Government contractor industry
Many businesses that depend heavily on U.S. government contracts prefer to use a fiscal year. However, they usually choose a fiscal year that ends on Sept. 30 to coincide with the government’s year-end. This allows them to align their strategies and efforts with the government’s spending and planning patterns, resulting in increased chances of securing new contracts.
Also, by adopting the federal fiscal year, these companies show the government they are committed to working on its projects, which makes them a more appealing option when the government wants to contract a vendor.
Regardless of their industries, companies may decide to use a fiscal year for a variety of reasons. One common reason is that it allows them to record their revenues and expenses in the same year.
For instance, if a company holds an annual promotion in October that generates a large number of sales but pays its expenses in January, the spending will not reflect the sales if it follows the calendar year. Opting for a fiscal year that ends in August or September will show that the expenses are related to the sales.
Additionally, companies may operate on a fiscal year to work more efficiently with their business partners. If a company and all its partners use the calendar year, they may be busy preparing year-end reports, tax documents and budgets at the same time.
When the company needs certain financial information from its partners, it may not be able to respond promptly because of its busy schedules. In such a situation, confusion and errors are also more likely to happen. Adopting a fiscal year that ends on June 30 enables a company to work with partners when they’re both at their most efficient.
How does a fiscal year work with tax filing?
When it comes to filing taxes, most companies that use a fiscal year still have to comply with the IRS’ deadlines for tax returns. These deadlines are based on the federal calendar year. Only C-corporations, which are corporations that are taxed separately from their owners or shareholders, can file their tax returns according to their fiscal years.
For corporations that can file according to their fiscal years, they may prefer to avoid peak tax season, which occurs in spring. During this time, a tax preparer may have other commitments that prevent them from giving their full attention.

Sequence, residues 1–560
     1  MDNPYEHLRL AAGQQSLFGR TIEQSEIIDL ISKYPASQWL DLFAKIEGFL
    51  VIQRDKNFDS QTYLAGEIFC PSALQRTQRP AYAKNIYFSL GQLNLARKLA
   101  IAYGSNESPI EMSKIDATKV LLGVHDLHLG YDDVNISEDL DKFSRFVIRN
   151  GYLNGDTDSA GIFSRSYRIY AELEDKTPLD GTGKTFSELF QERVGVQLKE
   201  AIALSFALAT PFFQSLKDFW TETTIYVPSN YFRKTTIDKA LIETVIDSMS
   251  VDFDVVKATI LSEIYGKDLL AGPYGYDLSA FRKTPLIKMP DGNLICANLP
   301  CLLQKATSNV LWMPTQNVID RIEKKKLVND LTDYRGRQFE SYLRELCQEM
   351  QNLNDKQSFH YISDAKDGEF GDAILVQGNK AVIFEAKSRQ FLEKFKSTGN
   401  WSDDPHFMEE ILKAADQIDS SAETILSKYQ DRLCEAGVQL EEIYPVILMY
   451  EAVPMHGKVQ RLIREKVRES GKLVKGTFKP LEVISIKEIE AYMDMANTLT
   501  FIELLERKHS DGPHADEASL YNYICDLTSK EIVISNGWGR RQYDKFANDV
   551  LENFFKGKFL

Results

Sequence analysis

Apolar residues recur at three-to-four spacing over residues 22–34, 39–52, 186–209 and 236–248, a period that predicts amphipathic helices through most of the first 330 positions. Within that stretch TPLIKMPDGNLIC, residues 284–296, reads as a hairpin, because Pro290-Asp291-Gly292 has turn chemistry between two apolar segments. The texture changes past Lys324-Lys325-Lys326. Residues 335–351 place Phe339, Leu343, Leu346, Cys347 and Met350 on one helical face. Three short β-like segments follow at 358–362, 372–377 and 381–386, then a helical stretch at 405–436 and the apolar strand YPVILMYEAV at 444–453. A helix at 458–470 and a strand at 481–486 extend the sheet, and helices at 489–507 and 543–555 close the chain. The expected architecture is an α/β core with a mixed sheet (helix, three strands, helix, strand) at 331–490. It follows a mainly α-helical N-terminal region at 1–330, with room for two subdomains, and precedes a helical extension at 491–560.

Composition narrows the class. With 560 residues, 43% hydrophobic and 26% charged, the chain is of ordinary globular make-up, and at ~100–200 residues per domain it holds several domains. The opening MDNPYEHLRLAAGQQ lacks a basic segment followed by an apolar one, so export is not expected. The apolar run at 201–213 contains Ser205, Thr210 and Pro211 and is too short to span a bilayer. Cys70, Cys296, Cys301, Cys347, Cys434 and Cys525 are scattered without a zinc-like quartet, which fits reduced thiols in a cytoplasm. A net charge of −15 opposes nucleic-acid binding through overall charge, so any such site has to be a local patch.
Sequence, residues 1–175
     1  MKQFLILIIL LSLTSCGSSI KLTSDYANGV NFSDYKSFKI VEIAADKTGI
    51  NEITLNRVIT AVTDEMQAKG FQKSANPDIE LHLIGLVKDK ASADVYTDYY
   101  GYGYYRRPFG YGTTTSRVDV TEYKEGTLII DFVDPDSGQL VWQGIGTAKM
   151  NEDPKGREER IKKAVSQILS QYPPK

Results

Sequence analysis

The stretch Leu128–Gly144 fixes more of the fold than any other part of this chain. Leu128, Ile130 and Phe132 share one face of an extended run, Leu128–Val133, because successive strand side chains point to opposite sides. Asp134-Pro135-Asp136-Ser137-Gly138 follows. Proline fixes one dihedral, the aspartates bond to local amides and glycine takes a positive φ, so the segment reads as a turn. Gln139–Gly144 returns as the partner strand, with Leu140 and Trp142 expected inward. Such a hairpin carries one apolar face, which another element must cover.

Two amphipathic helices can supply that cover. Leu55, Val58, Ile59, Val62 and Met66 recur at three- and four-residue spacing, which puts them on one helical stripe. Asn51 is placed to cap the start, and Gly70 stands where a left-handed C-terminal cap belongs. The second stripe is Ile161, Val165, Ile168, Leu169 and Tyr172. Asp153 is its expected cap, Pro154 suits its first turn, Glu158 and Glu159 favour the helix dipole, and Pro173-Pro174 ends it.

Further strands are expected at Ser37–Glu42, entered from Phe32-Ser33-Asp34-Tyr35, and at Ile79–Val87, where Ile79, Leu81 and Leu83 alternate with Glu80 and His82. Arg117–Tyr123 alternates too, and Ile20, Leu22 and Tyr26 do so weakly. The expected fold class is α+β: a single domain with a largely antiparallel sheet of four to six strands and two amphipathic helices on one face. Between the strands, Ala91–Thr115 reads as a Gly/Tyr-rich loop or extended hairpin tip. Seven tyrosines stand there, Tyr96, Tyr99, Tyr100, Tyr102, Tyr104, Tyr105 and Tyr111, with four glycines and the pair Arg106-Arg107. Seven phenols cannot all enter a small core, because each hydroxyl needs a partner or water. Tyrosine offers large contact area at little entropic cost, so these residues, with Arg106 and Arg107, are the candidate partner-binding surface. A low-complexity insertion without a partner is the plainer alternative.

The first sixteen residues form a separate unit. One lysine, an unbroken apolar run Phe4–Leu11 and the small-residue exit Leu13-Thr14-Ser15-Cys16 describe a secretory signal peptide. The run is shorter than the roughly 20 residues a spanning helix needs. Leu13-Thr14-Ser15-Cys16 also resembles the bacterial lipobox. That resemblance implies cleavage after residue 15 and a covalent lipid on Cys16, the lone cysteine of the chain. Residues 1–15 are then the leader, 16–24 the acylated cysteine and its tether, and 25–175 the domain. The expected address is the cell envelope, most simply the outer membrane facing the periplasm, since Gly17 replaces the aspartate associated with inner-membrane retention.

By following a fiscal year that ends outside the tax season, a company can give its tax preparer more time to work on its taxes. Additionally, it may be able to negotiate for lower rates. Tax preparers that generate most of their revenues during tax season may lower their fees for off-season work.
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Why is it important to know your company’s fiscal year?
There are several reasons you should know your company’s fiscal year, including:
Preparing for a performance review
For many business organizations, the end of a fiscal year is also the time to review the employees’ work performance and salaries. If you know when your company’s fiscal year ends, you can adequately prepare yourself to make a good impression on your boss during your performance review.
Asking for a raise or promotion
An annual performance review is also an appropriate time to ask for a raise or promotion if you are qualified. In addition, you can use this time to gauge your progress over the past twelve months and find ways to grow in the next fiscal year.
Assessing job security
As an employee, you should be interested in knowing how your company performed or whether it reached its goals in a fiscal year. If your company had a strong fiscal year, you will likely feel secure in your job and have a positive outlook for the coming year.
Preparing for next year
At the beginning of a new fiscal year, your boss may announce the company’s plans and goals for the next 12 months. This allows you to make the necessary preparations to adapt to these changes and perform better in the new year.